|FY10 Budget Resolution Passed|
The House (233-193) and Senate (53-43) approved a $3.555 trillion budget resolution for FY10.
While non-binding, the resolution sets the framework for Congress to write legislation on appropriations, taxes and entitlement programs. The resolution does not include any reference to reductions in spending for agriculture. It does include so-called reconciliation instructions which could be used to move legislation overhauling healthcare and sharply curtailing the role of private lenders in federal student aid programs through Congress without a Senate filibuster.
The resolution, which passed without Republican support, is projected to increase the public debt from $7.7 trillion in ’09 to $11.5 trillion in ’14. Measured as a percentage of the economy, the debt rises from 55.0% to 66.7% of gross domestic product.
The annual deficit is projected to decline from $1.693 trillion for FY09 to $1.2 trillion in ’10 to $523 billion in ’14. The budget caps discretionary spending at $1.086 trillion, of which $556.1 billion is for defense.
|NCC Discusses WTO-Related Concerns|
NCC Vice Chairman Eddie Smith, producer from Floydada, TX, was joined by NCC President/CEO Mark Lange and NCC Senior Vice President of Washington Operations John Maguire in a meeting with the new US Trade Ambassador Ron Kirk.
The NCC representatives discussed the cotton industry’s concerns with the continuing World Trade Organization (WTO) Doha negotiations, the ongoing WTO Brazil cotton case and issues with market access in China, particularly the new AQSIQ registration process. The NCC has maintained that the ambitious disciplines on domestic support in the Doha text are not being matched with gains in market access.
Ambassador Kirk and his staff were attentive and indicated they would continue to seek industry input in trade negotiations. The NCC representatives expressed appreciation for the excellent response by USTR officials on the AQSIQ China cotton registration process and the WTO Brazil cotton case.
|Some CRP Contracts Extended|
Agriculture Secretary Tom Vilsack announced that USDA's Farm Service Agency (FSA) will offer certain producers the opportunity to modify and extend their Conservation Reserve Program (CRP) contracts that are scheduled to expire on Sept. 30, ’09. (see full release in the Newsroom area of www.usda.gov.)
USDA can only extend about 1.5 million acres out of a total of 3.9 million acres expiring this year. This extension will ensure that FSA meets the statutory CRP acreage limitation of 32 million acres established in the Food, Conservation, and Energy Act of 2008.
A general CRP signup is not scheduled during FY09. However, producers may continue to enroll relatively small, highly-desirable acreages, including land that is not extended, into Continuous CRP. Continuous CRP includes such practices as filter strips and riparian buffers.
FSA will notify participants by letter beginning May 6, ’09. The sign-up for this voluntary extension will begin on May 18 and run through June 30, ’09. Farmers and ranchers may apply for this extension at their FSA county office.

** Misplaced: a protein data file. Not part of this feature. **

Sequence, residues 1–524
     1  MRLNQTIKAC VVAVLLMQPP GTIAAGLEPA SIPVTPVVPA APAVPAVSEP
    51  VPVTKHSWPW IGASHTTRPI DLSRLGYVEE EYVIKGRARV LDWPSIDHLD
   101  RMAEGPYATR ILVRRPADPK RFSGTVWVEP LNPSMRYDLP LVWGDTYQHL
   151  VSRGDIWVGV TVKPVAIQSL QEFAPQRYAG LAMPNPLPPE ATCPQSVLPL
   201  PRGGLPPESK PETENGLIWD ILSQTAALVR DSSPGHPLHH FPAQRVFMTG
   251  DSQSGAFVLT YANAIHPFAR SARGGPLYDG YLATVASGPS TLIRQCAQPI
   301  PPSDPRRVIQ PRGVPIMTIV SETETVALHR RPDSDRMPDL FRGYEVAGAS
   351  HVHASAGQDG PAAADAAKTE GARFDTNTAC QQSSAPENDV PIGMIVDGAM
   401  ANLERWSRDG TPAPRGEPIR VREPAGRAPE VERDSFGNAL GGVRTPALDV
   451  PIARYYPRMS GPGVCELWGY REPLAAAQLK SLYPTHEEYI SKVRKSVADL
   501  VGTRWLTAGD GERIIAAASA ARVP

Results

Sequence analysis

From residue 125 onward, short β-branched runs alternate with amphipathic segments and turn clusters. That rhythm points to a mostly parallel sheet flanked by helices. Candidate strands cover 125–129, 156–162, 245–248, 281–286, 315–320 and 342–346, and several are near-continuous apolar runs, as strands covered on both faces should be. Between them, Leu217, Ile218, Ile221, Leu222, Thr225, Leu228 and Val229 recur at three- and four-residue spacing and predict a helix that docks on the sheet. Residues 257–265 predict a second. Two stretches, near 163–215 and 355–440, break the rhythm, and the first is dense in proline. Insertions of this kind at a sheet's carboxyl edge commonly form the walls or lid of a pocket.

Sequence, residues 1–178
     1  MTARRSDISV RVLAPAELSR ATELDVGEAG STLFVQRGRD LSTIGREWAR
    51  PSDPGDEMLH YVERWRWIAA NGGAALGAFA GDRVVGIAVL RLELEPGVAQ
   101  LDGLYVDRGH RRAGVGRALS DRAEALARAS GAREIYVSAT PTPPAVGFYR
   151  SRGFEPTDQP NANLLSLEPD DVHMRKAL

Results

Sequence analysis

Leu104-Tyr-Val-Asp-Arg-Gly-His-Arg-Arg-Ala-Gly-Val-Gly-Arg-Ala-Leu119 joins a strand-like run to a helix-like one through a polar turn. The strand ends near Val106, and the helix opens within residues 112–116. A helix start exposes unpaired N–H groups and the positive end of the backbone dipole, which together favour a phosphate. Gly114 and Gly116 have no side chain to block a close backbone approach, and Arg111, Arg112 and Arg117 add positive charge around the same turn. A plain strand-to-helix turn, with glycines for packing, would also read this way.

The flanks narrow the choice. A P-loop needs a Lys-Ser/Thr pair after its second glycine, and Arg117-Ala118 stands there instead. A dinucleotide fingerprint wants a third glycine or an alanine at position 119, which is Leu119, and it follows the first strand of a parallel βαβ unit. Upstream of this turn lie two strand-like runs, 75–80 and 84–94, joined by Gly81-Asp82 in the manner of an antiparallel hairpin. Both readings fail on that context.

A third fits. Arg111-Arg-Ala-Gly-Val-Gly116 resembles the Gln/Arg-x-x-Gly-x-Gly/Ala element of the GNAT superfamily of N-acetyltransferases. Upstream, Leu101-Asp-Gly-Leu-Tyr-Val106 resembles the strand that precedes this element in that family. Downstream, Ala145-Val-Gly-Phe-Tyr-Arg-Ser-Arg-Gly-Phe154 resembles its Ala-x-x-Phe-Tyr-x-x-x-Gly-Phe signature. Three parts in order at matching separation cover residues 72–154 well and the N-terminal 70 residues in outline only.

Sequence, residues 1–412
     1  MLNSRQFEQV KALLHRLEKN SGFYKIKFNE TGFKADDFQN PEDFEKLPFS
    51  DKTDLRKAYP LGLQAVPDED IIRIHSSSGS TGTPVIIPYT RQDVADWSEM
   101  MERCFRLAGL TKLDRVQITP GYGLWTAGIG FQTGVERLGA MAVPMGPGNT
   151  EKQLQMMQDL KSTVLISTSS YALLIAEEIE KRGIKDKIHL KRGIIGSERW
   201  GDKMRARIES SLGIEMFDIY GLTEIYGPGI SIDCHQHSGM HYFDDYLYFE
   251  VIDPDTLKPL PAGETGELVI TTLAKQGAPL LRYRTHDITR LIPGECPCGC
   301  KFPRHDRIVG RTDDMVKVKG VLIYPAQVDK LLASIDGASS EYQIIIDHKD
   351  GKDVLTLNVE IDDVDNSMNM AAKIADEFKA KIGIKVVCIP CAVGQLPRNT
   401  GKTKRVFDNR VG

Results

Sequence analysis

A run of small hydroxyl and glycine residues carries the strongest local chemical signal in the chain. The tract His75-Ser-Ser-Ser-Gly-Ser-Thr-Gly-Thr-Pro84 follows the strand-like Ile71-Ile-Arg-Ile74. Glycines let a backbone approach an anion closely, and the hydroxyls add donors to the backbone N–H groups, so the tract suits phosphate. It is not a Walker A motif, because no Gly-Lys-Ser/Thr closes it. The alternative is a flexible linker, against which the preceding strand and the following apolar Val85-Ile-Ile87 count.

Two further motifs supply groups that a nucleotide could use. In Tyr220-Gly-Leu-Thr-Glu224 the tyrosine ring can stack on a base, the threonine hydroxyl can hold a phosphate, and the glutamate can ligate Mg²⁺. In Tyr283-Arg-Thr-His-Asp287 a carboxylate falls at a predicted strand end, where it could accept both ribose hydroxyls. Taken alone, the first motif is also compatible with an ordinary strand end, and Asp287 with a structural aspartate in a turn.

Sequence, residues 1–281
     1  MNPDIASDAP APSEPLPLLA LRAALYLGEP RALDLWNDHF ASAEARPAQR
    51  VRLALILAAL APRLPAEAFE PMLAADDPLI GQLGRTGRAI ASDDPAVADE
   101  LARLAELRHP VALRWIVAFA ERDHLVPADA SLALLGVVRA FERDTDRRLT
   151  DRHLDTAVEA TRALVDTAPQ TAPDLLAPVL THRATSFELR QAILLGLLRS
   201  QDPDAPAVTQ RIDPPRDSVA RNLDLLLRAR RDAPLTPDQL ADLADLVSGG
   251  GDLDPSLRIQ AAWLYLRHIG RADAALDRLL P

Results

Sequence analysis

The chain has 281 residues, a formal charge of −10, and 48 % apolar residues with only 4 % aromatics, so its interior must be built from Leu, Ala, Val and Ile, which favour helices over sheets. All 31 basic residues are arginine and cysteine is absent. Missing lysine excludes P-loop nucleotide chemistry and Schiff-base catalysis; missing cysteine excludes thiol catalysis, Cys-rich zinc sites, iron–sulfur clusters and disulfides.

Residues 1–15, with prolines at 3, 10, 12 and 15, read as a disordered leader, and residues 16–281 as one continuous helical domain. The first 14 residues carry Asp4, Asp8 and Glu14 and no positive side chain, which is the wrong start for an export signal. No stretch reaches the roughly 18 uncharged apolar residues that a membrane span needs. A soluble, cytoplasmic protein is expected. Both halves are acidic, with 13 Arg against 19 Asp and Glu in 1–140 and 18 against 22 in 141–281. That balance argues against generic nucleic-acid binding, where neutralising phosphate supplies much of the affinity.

For more information, visit your county FSA office or http://www.fsa.usda.gov.
|Weed Resistance Video Now Online|
In conjunction with the NCC’s Weed Resistance Learning Module, a video on weed resistance is now available along with the module on the NCC’s website at http://www.cotton.org/tech/pest/index.cfm.
In the video, four cotton producers with first-hand knowledge of weed resistance discuss why it must not be ignored and provide valuable information on how to deal with this menace. The video supplements the free online Learning Module aimed at helping cotton producers stay ahead of the game in fighting weed resistance, thus maintaining long-term stewardship of their acreage.
The course is supported by The Cotton Foundation via grants from Monsanto, Syngenta and Dow AgroSciences.
|Nomination for USDA Post Announced|
President Obama has announced his intent to nominate Edward M. Avalos as under secretary for USDA’s Marketing and Regulatory Programs.
"Edward Avalos has spent a lifetime in agriculture, including 34 years in agricultural marketing," Agriculture Secretary Tom Vilsack said. "He has spearheaded innovative marketing techniques which have improved the economic viability of rural areas and established export marketing programs which have placed American crops on tables around the world. He brings extensive knowledge and a successful track record in both domestic and international marketing.
Avalos has served with the New Mexico Dept. of Agriculture for 29 years where he established the New Mexico Specialty Crops Program. This program provides matching funds to entities which can improve rural economies and need assistance with marketing projects for specialty crops and value-added products. He also spent five years with the Texas Dept. of Agriculture. He has implemented many trade promotions and trade missions during his career. He has worked in Mexico, Japan, China, Canada and Latin America, promoting New Mexican crops and livestock.
Avalos was raised on a family farm in New Mexico's Mesilla Valley which produced cotton, wheat and a variety of specialty crops. He is a member of several agricultural promotion organizations in the state and received his Bachelors and Masters degrees from New Mexico State U.
|NCC Testifies in Formaldehyde Hearing|
The NCC was represented at a “Formaldehyde in Textile and Consumer Products” hearing held by the Consumer Protection, Product Safety, and Insurance Subcommittee of the Senate Committee on Commerce, Science, and Transportation.
Formaldehyde-containing chemicals are used mainly on cotton and cotton blends and other cellulosic textiles for easy-care/wrinkle resistance for sheeting, shirting, dress goods, knits, and slacks; for some textile pigment dyeing and pigment printing; and for some flame retardance. Easy care/wrinkle resistance cotton apparel accounts for 2% of the total apparel offerings at retail in the United States and for 13% of total cotton apparel purchased in ’08, according to Cotton Incorporated. There almost is no easy care children’s apparel and very little children’s wear is treated with formaldehyde-containing chemicals of any kind.